Many of us suffer from ingratitude, which deprives us and others of meaningful blessings. By taking steps to develop gratitude, we will be happier.
This speech was given on January 11, 1994.
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"There is a story, probably apocryphal, of an aging widow who eked out a meager living by selling soft pretzels on a busy city street corner for fifty cents apiece. Each morning a businessman passed her corner on his way to work. He had no taste for pretzels, but he wanted to help the person who sold them, so each morning he would give her the fifty cents and not take a pretzel.
One morning, after the man had performed the daily ritual and was walking away, the woman called him back. He said, “I know. You’re wondering why it is that I never take my pretzel.” She replied, “I couldn’t care less about that. I just want you to know that the price has gone up to seventy-five cents.”
In the mid-1970s I was the head of the Civil Division of the United States Department of Justice. Together with about three hundred other lawyers, we handled the broad range of civil law suits brought either by, or more frequently against, the United States. One of the issues with which we dealt was the nationwide effort in the fall of 1976 to provide a vaccine against what most experts predicted would be a severe epidemic of swine flu that would affect the country during the ensuing winter. The government’s medical experts predicted that millions would benefit from the vaccine, but they also predicted that with virtual certainty there would be a handful of people who would become quite ill, and some might even die—not from the flu, but from the vaccine. Some of these people would certainly sue the government, and past experience indicated that the resulting judgments might be substantial in amount. For these reasons there was a large debate within the government as to whether the predictable assistance to millions of people was justified in light of the large amounts that the government might have to pay in damage judgments.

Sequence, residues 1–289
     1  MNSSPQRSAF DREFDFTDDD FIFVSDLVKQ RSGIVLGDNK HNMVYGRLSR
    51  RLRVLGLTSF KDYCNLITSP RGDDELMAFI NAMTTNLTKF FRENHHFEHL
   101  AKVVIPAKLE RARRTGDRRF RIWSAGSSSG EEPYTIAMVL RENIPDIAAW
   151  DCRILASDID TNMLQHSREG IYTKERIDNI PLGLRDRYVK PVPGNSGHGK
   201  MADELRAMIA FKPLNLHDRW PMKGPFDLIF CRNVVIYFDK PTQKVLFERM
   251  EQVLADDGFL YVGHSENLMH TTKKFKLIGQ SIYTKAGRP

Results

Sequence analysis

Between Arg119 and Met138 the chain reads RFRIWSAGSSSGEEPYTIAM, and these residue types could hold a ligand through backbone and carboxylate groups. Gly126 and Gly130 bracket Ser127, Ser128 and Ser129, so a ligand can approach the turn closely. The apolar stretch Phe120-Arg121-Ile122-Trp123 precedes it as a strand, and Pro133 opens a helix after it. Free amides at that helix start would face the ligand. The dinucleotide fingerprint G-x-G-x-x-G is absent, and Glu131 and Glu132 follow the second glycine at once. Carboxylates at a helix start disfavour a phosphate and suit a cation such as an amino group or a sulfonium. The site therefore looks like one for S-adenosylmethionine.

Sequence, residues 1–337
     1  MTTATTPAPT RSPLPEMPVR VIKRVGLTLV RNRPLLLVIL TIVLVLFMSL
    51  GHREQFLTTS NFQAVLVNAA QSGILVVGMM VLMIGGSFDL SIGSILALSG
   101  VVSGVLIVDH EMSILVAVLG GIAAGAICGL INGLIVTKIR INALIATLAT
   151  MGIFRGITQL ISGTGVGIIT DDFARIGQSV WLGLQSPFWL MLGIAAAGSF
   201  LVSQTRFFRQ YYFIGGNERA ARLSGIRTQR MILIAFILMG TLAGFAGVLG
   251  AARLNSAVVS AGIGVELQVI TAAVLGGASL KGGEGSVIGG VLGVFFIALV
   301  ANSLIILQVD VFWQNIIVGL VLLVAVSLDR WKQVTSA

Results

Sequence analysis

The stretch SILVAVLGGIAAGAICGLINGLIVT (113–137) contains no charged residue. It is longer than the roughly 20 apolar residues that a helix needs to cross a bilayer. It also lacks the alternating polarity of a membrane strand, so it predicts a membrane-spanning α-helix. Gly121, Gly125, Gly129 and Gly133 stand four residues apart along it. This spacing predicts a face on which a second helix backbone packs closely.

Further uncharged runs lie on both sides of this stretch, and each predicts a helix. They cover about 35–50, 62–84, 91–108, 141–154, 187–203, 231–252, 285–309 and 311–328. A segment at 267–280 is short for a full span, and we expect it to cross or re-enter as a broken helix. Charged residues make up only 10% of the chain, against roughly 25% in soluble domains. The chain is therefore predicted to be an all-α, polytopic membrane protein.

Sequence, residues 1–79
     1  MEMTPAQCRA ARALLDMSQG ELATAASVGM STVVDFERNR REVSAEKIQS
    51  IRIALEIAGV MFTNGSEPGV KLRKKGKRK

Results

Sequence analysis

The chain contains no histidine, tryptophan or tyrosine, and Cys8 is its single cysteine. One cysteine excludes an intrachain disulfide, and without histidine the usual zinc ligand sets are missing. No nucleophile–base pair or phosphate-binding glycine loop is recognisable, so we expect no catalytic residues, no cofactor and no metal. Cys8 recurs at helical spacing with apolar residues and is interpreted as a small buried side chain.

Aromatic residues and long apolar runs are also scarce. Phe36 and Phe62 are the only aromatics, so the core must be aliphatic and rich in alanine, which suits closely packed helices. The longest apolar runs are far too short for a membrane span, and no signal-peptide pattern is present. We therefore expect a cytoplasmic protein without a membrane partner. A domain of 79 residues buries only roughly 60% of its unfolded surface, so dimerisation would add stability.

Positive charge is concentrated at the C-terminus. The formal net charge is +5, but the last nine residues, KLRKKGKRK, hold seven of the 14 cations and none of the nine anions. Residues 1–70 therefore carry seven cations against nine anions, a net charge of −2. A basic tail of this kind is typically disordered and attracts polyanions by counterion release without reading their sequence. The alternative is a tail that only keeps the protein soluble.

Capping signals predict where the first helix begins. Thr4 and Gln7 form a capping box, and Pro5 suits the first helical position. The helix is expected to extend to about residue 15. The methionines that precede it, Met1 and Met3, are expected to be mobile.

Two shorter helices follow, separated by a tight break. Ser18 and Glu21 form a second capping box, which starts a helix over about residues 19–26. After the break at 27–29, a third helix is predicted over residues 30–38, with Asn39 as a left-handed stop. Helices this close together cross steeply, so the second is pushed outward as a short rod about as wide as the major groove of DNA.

During the course of one of those deliberations, I expressed to my governmental colleagues the following thought: “This problem exists only because of the government’s humanitarian effort to save possibly millions of its citizens from serious illness and, in some cases, death. The United States of America is under no obligation to supply this vaccine. And yet we are anticipating an apparently predictable consequence in which some of the very people we are trying to help will turn around and sue us because of our Good Samaritan generosity.” And then I asked the question that caused such amazement among the dozen or so other participants at that meeting: “Wouldn’t you think that someone in this fair land of ours, maybe even one who had an adverse reaction to the vaccination, would say, ‘You know, I really appreciate what the government is doing for me, looking out for my health, and going to great and unrequired effort and expense to help me and many others cut down our chances of sickness or death?” In short, I asked, “Shouldn’t somebody be saying, ‘Thank you for doing your best,’ rather than, ‘This better work or I’ll see you in court?’”
I will never forget my colleagues’ responses to those questions. They ranged from facial expressions reflecting unmistakable incredulity to verbal utterances, including such words as “naïveté,” “lack of sophistication,” and “that’s what you get when you take some kid from the Rocky Mountains and ask him to handle the government’s litigation.”
The common feature of these two stories, of course, is gratitude or, perhaps more accurately, lack of gratitude. Today I want to share some thoughts concerning why gratitude is so important, why it is so neglected among all segments of society, including, regrettably, those of us who are members of the LDS Church, and whether there are any positive steps we can take to enhance our consciousness and our practice of this particular virtue..."